Prosecutors on Thursday defended their decision to drop four drug-related charges against Shoko Asahara, saying the move is necessary to speed the Aum Shinrikyo founder's trial.
The defense called the decision arbitrary and an abuse of the prosecution's rights, but prosecutors argued that the move, of which the Tokyo District Court was notified Wednesday, "could not be helped."
Asahara's lawyers said the prosecutors' original plan to press 17 charges was intended to overwhelm the defense counsel and prevent a full defense of Asahara, taking advantage of public calls for the trial's immediate conclusion.
The dropped charges included the illegal production of drugs, of which 14 of Asahara's followers have already been found guilty.
The prosecutors said it was natural to make every effort to accelerate the trial and called on the defense to make increased efforts toward that end. Meanwhile, a former senior Aum member testified during Thursday's hearing that he was ordered to visit Russia to learn how to manufacture "a weapon bigger than pistols" in 1993.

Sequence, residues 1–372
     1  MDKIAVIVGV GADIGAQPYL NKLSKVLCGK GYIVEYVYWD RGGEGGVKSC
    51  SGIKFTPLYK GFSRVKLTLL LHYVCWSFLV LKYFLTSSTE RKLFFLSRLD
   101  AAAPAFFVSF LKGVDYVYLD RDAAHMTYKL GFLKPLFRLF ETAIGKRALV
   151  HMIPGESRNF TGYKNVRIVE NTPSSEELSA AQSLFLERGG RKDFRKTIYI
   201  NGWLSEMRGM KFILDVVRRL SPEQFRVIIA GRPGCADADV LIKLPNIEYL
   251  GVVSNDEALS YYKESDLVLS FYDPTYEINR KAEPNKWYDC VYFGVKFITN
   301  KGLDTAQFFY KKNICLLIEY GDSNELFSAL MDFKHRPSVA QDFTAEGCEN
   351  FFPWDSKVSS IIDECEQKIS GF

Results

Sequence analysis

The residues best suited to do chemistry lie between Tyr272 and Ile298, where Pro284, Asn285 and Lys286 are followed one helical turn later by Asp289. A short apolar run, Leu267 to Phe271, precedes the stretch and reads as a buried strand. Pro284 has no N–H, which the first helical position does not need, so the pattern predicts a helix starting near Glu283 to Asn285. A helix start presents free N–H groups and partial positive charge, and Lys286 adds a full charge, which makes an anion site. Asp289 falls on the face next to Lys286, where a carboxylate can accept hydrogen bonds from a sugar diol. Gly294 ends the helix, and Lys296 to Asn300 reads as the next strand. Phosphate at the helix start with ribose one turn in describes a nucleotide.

Kenichi Hirose, a former Aum scientist, who was sentenced in July to hang for releasing sarin in the deadly 1995 subway attack and for manufacturing a prototype assault rifle based on the Russian Army's AK-74, said that he believes Asahara thought manufacturing weapons was essential to create an "Aum kingdom."
Upon Asahara's order, he and three other cultists brought parts and other information on the Russian machinegun and gunpowder to Japan to create rifles, he said.
The cult allegedly planned to assemble 1,000 machineguns in 1994 and 1995.